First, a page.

I was staring out the window, watching the bustling city of Saigon dwindle into dark countryside farms along the highway; the bright city lights of Saigon slowly faded into dim headlamps of vehicles and the occasional streetlamps. The journey to Mui Ne is short and everyone wanted to get some shut eye but I couldn’t sleep. I particularly noticed a number of fields brightly lit up by several hundred bulbs and wondered what was being grown.
I did later come to know that it was used to help the juicy dragon fruits grow during the off-season as well. We reached the town of Mui Ne around half past twelve. We walked to our accommodation, Blue Sky Guest House, which was about 500m away from the stop. I informed the caretaker that we would need a vehicle for tomorrow and he asked us to get ready by 4:30 so as to not miss the sunrise.
White Sand Dunes:
Startled, I awoke to the knocking on the door and realized it was 4:30 AM. The jeep guy was punctual and waiting to take us to the dunes before sunrise. We freshened up and hurried to the jeep. We still had hopes to make it before sunrise as it was still dark. The beach was along the road for most of the journey and we saw the sky getting lighter. The sky was cloudy along the horizon and we would not have been able to view the sunrise anyway. We reached the place after about 45 minutes of drive with bright skies above us.
The White Sand Dunes was a stunning sight with the fine grain white sand dunes towering against the clear blue skies in the background. The turquoise blue waters of the Bau Trang lake next to the dunes and the greenish pastures on the other bank of the lake made it a picturesque spot for a number of clicks. There were a couple of hot air balloons soaring in the sky above the dunes. There were noisy ATVs available disturbing the otherwise peaceful atmosphere.
Red Sand Dunes:
The Red Sand Dunes seemed like a miniature version of the White Sand Dunes by size except that the color of sand was darker giving the reddish appearance. It was a little disappointing after seeing the White Sand Dunes. Sand-boarding was available here but skipped it as the heat was too much and we were starving too.
Our next stop was the beach filled with fishermen cleaning their fresh catches and throwing away unwanted tiny fishes, starfishes and several bivalves. The sad part is that they just throw them along the beach to die rather than letting them back to the ocean. The other big fish, crabs, lobsters, shrimps etc were kept in a bowl of water as live catch was worth a lot more. The vegetarians in the group didn’t get down to the beach as the sight and smell was a bit too much to handle for them. The rest of us managed to get some nice clicks down at the beach. The live seafood was available for almost giveaway prices but we were nowhere in a position to cook even if we wanted to.
Hungry and tired, we reluctantly got into the Fairy Stream. The Fairy Stream is a tiny rivulet that is muddy from the sand dunes and rock formations on one side. The other side is covered with lush green vegetation. The water seldom gets deeper than the ankle and provided a cool refreshing feeling to the feet as we waded through it. The beautiful rock formations of white, red and brown colors distracted us from our fatigue and we indulged in some photography in this colorful landscape. On the way back, we found a lady selling tender coconut which provided some relief to our starving selves. I drank till my stomach was full with the sweet coconut water.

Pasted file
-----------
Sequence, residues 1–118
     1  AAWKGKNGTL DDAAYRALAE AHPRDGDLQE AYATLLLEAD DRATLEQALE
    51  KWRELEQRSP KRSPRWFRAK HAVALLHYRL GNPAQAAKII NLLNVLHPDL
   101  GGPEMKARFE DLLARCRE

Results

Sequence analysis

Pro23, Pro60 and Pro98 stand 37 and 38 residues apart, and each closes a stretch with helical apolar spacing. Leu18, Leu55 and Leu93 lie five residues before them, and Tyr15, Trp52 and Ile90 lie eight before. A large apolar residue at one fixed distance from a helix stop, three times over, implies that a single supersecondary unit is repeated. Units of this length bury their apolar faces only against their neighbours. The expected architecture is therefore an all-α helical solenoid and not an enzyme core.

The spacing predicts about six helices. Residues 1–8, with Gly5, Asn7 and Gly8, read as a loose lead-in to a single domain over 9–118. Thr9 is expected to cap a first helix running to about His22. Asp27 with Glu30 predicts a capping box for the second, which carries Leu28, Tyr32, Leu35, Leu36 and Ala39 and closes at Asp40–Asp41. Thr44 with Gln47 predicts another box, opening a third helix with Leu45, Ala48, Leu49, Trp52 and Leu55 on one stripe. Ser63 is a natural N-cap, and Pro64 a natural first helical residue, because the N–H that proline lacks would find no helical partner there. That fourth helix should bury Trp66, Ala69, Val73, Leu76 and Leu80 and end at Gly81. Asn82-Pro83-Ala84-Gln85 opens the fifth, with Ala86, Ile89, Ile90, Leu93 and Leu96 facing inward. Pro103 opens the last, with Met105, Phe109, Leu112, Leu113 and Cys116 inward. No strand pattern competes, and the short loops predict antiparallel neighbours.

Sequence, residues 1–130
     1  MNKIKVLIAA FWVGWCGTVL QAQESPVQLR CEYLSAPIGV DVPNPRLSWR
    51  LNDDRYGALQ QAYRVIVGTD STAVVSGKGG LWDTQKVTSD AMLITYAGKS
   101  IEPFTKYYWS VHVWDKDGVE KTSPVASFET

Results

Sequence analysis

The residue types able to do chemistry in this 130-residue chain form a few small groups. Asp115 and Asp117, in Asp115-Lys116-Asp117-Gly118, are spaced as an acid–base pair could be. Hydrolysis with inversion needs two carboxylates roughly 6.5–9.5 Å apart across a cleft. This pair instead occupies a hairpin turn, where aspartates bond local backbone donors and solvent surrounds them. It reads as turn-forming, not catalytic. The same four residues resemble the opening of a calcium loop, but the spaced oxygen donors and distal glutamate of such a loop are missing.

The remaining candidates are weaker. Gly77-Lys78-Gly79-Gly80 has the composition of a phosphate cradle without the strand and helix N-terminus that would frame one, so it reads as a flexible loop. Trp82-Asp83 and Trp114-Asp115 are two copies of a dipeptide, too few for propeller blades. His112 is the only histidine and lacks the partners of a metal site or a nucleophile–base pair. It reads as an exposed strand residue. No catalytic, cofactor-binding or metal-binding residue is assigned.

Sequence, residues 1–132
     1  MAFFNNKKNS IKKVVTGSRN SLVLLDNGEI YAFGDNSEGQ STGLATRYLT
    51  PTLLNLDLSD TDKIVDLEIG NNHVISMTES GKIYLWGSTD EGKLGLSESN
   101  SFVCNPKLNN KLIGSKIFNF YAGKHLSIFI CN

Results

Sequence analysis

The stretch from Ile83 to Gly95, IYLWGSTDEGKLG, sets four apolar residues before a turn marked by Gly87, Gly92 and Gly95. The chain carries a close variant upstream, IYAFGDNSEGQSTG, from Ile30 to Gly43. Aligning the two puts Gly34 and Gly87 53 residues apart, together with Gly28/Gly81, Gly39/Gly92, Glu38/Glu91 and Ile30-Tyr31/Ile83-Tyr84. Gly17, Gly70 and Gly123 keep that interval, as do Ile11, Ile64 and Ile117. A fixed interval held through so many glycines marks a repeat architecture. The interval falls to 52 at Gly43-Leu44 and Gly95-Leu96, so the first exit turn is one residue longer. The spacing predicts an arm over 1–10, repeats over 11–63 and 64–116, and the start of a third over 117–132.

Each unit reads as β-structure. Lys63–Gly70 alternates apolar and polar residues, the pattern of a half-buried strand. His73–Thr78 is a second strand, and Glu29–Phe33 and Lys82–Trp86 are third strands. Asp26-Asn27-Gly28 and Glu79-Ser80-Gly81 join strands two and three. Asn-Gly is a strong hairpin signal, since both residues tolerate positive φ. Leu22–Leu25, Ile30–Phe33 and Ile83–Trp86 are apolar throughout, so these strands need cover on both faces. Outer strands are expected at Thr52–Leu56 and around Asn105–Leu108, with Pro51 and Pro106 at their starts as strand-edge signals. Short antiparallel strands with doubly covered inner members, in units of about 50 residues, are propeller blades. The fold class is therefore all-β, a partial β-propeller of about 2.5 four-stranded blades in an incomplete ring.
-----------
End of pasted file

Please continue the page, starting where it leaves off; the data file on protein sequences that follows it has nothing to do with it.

We stopped for lunch at a small eatery that was empty. A custom meal was made for the vegetarians under their watchful eyes. I tried the seafood soup which was pretty decent. The food was not the best we had but no one complained due to the hunger and fatigue. A good sleep is all we wanted now and that’s exactly what we did as soon as we reached the hotel.
Mui Ne Beach:
Sleeping and skipping the afternoon heat, we decided to head for Mui Ne beach. We had to find a source of transport as the jeep was hired only till afternoon. I was excited to take the local bus and convince the others too that we should take the same. Although the rate on the bus was fixed, the conductor took us for a ride and charged double. Even none of the other passengers batted an eye about that. Since not many other transport options were available, we unwillingly paid him the amount.
The crazy evening didn’t end at that. Despite mentioning to the conductor several times that we wanted to head to the beach, he didn’t inform us when we had to get down. After a while I checked the route on google maps and we had crossed our stop and gone ahead. We now had to walk about 3 km back to reach the beach. The walk was tiring and I wasn’t too thrilled to get in the water. I expected the beach to have a lot of activities such as kite-surfing and sailing but it was quite empty. Only Vijay seemed to have a good time in the water where he practiced on his swimming. The rest of us just sat down on the beach to relax and watch the sky turn dark.
We found a taxi willing to take us back to the hotel as we didn’t wanna take any more chances with the local bus in Mui Ne. We had dinner at a restaurant nearby where to my amusement, I saw ACP Pradhyuman talking in Vietnamese on TV. Apparently the lady running the shop was a big fan of Indian shows. We ended the day with a much needed relaxing massage after the long, tiring day.
Mui Ne is a small, quiet town along the coast. The sand dunes and Fairy Stream are the highlights of this place. The beach was clean but would have wanted more activities available, for which the season is important. Although the facilities aren’t great, the silent coastal town was a welcome change after the bustling Ho Chi Minh City.